Column: When the best word stares us right in the face
The news that everyone has been waiting for finally broke the headlines on Nov. 16: Oxford Dictionaries revealed its prestigious “Word of the Year” award.
This year’s winner really was a dark horse among the other lexicon-based candidates since it isn’t actually a word. Somewhat unpredictably, the publisher bestowed the title to an emoji.
The group officially selected “Face with Tears of Joy” emoji as the winner, beating out contenders such as “on fleek,” “refugee,” “Brexit” and “lumbersexual.”
While it may not be a word in the dictionary, the pictograph captures the zeitgeist of modern communication according to the Oxford Dictionaries blog.
“There were other strong contenders from a range of fields,” the publisher said, “but [‘Face with Tears of Joy’ emoji] was chosen as the ‘word’ that best reflected the ethos, mood, and preoccupations of 2015.”
In fact, mobile technology business SwiftKey acknowledged that the “Face with Tears of Joy” emoji was the most popular emoji around the world in 2015.
It comprised 20% of all the emojis used in the UK in 2015 and 17% of those in the US. These figures were a sharp rise from the relatively meager 4% and 9%, respectively, the year before.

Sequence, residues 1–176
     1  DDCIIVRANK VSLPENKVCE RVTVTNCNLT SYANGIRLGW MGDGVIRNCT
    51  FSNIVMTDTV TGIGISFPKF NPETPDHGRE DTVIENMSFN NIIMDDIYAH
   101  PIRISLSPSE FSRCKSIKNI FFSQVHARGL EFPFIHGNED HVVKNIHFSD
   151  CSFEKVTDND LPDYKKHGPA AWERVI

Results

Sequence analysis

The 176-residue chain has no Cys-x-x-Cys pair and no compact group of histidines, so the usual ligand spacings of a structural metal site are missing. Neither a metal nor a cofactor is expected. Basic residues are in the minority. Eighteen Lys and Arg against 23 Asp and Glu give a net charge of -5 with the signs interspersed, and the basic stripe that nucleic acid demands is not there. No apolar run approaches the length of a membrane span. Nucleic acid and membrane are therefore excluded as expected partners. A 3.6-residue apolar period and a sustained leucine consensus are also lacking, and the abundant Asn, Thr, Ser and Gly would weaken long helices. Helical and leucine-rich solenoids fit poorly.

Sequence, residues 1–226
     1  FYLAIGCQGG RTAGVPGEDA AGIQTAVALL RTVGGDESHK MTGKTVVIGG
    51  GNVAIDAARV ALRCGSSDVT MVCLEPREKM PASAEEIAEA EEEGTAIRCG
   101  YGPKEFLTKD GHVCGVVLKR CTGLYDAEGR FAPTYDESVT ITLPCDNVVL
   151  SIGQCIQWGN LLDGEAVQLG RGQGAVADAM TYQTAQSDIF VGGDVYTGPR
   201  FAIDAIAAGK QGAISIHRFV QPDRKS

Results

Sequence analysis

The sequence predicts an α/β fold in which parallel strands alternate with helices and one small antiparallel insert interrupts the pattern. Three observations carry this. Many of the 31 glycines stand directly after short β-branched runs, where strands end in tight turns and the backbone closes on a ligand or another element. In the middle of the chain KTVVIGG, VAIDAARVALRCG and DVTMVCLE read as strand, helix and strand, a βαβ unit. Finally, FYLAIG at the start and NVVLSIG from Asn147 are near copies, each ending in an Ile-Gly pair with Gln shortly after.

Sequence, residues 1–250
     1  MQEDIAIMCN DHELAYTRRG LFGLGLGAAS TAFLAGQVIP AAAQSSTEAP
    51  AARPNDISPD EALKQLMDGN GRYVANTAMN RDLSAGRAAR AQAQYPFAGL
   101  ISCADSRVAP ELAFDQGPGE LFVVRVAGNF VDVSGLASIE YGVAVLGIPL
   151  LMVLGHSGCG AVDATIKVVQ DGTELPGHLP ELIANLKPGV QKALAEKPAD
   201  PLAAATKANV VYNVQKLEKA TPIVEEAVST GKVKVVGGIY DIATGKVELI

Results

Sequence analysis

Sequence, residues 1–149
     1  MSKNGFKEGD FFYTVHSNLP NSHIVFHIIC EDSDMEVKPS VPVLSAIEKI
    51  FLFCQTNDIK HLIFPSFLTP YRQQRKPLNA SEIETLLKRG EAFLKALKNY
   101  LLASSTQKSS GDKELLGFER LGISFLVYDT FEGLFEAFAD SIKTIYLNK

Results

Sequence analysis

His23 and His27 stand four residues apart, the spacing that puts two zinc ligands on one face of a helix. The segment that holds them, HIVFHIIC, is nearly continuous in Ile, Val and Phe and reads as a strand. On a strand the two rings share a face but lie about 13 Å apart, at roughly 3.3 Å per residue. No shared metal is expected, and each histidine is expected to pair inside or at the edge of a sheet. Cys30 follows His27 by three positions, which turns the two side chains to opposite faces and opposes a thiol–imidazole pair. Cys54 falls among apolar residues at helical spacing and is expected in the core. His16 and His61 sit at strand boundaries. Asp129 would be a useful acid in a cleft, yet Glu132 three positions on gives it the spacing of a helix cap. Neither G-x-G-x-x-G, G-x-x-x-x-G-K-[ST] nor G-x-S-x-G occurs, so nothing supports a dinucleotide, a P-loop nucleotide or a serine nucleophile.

It’s this exact reason why the choice has received a mix of favor and criticism. The emoji is either the perfect choice to summarize a new generation of language or the epitome of the evils of constant text conversations.
However, in a world under the Tower of Babel’s shadow, an emoji might be reminiscent of the unanimous vernacular that once united us all.
Perhaps the criticism stems from the simplicity of the emoji. Who would want a more succinct way of expressing laughter so intense tears well up when “the juncture of cachinnations and lachryma while exultant” is a perfectly good phrase for a 140-character message?
The precision of the symbol is actually its strength.
In the Affect Theory of Emotions, psychologist Silvan Tomkins suggested that there are biological patterns of expression to nine different emotions.
Paul Ekman helped synthesize the Universality Hypothesis of Human Facial Expressions, making him an indirect expert on emojis. Ekman expanded upon this idea even further.
Despite the culture of an individual, people can read the emotions seen on someone else’s face with consistent accuracy.
Charles Darwin also espoused this theory decades earlier than Tomkins or Ekman. In conjunction with evolution, the emoji is, theoretically, a step toward a multicultural, universal language.
While the Oxford Dictionaries’ choice of an emoji as the word of the year may have just been a publicity stunt, it is nonetheless controversial and thought provoking.
At the very least, it’s sure to make everyone who sees it :-).
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